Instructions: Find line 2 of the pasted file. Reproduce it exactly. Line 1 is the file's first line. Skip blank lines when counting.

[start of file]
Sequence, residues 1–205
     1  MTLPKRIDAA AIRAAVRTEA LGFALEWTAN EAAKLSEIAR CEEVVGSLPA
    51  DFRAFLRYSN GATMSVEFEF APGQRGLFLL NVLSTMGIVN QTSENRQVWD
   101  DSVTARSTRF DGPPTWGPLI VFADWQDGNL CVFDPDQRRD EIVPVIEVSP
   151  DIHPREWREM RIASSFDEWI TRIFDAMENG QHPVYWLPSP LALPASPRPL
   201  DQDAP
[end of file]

     1  MTLPKRIDAA AIRAAVRTEA LGFALEWTAN EAAKLSEIAR CEEVVGSLPA